KathaVarta.com: for Short and Moral stories

Posts Tagged ‘Aesop Fables’

The Wolf and the Crane

Posted by kathavarta on May 16, 2015

A feeding wolf got a small bone stuck in his throat and, in terrible pain, begged the other animals for help, promising a reward.

At last the Crane agreed to try and, putting its long bill down the Wolf’s throat, loosened the bone and took it out.

But when the Crane asked for his reward, the Wolf replied, “You have put your head inside a wolf’s mouth and taken it out again in safety; that ought to be reward enough for you.”

Lesson: “You can’t make a good deal with a bad person.”

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The Lion, the Panther and the Fox Who Went Hunting

Posted by kathavarta on May 16, 2015

One day the lion, the panther and the fox went hunting together, and it was agreed that whatever they caught would be shared between them. After lulling a large stag, they decided to have a hearty meal. The lion asked the panther to divide the spoils, and after the panther made 3 equal parts, he told his friends to take their pick, whereupon the lion, in great indignation seized the panther and tore him to pieces. He then told the fox to divide the spoils, and the fox gathered everything into one great pile except for a tiny portion that he reserved for himself.

“Ah, friend,” asked the lion, “Who taught you to divide things so equally?”

“I needed no other lesson,” replied the fox, “than the panther’s fate.”

Lesson – Better to learn from the mistakes of others than commit your own
Mental Model – Vicarious Learning

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The Fox, the Cock and the Dog

Posted by kathavarta on December 10, 2008

One moonlight night a Fox was prowling about a farmer’s hen-coop, and saw a Cock roosting high up beyond his reach.

“Good news, good news!” he cried.

“Why, what is that?” said the Cock.

“King Lion has declared a universal truce. No beast may hurt a bird henceforth, but all shall dwell together in brotherly friendship.”

“Why, that is good news,” said the Cock; “and there I see some one coming, with whom we can share the good tidings.” And so saying he craned his neck forward and looked afar off.

“What is it you see?” said the Fox.

“It is only my master’s Dog that is coming towards us. What, going so soon?” he continued, as the Fox began to turn away as soon as he had heard the news.

“Will you not stop and congratulate the Dog on the reign of universal peace?”

“I would gladly do so,” said the Fox, “but I fear he may not have heard of King Lion’s decree.”

Moral:
Cunning often outwits itself.
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The Fox and the Cat

Posted by kathavarta on December 7, 2008

A Fox was boasting to a Cat of its clever devices for escaping its enemies.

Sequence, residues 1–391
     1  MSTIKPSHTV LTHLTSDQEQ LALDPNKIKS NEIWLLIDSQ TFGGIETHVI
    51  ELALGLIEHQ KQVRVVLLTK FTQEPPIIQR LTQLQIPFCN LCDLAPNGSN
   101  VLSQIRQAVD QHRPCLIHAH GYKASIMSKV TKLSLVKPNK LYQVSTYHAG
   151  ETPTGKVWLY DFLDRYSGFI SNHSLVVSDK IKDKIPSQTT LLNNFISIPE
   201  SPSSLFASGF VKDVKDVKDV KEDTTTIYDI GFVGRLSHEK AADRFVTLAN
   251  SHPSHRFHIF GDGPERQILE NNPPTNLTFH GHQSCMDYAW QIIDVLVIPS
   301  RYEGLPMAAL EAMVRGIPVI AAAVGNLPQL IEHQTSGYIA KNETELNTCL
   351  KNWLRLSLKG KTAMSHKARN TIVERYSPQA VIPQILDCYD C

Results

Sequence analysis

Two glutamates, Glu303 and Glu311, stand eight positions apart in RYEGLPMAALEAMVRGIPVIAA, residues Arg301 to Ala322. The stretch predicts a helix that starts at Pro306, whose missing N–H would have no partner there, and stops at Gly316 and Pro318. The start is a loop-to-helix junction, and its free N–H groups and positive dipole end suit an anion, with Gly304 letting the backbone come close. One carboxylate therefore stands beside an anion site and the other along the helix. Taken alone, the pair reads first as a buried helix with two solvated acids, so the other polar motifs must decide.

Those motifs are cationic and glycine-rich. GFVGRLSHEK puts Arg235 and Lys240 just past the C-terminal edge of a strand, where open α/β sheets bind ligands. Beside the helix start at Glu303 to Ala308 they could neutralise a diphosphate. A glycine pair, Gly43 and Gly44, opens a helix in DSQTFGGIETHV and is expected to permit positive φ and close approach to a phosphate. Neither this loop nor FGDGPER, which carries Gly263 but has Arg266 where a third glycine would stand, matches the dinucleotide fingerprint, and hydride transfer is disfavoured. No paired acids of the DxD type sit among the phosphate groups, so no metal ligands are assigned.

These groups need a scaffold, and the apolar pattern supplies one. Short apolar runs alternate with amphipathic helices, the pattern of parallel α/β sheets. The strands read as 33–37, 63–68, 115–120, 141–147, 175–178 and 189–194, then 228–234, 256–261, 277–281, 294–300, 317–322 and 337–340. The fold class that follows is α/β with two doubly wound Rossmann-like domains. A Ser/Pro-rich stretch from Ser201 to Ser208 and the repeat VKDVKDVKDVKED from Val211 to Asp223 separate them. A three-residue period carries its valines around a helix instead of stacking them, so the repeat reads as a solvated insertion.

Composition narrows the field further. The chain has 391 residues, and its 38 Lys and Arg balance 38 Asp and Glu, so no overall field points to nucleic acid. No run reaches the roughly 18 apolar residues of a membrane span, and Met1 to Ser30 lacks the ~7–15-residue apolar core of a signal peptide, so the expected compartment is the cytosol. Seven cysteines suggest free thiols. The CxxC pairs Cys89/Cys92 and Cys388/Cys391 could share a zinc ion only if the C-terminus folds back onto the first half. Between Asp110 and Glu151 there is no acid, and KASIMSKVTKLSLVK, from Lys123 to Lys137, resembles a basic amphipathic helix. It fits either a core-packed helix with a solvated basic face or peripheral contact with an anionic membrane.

“I have a whole bag of tricks,” he said, “which contains a hundred ways of escaping my enemies.”

“I have only one,” said the Cat; “but I can generally manage with that.”

Just at that moment they heard the cry of a pack of hounds coming towards them, and the Cat immediately scampered up a tree and hid herself in the boughs.

“This is my plan,” said the Cat. “What are you going to do?”

The Fox thought first of one way, then of another, and while he was debating the hounds came nearer and nearer, and at last the Fox in his confusion was caught up by the hounds and soon killed by the huntsmen.

Miss Puss, who had been looking on, said:

Moral:
“Better one safe way than a hundred on which you cannot reckon.”
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The Fox and the Bramble

Posted by kathavarta on December 6, 2008

A Fox was mounting a hedge when he lost his footing and caught hold of a Bramble to save himself.

Having pricked and grievously tom the soles of his feet, he accused the Bramble because, when he had fled to her for assistance, she had used him worse than the hedge itself.

The Bramble, interrupting him, said, “But you really must have been out of your senses to fasten yourself on me, who am myself always accustomed to fasten upon others.”

Moral:
To the selfish all are selfish.
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The Fowler and the Viper

Posted by kathavarta on December 4, 2008

A Fowler, taking his bird-lime and his twigs, went out to catch birds.

Seeing a thrush sitting upon a tree, he wished to take it, and fitting his twigs to a proper length, watched intently, having his whole thoughts directed towards the sky.

While thus looking upwards, he unknowingly trod upon a Viper asleep just before his feet. The Viper, turning about, stung him, and falling into a swoon, the man said to himself, “Woe is me! that while I purposed to hunt another, I am myself fallen unawares into the snares of death.”
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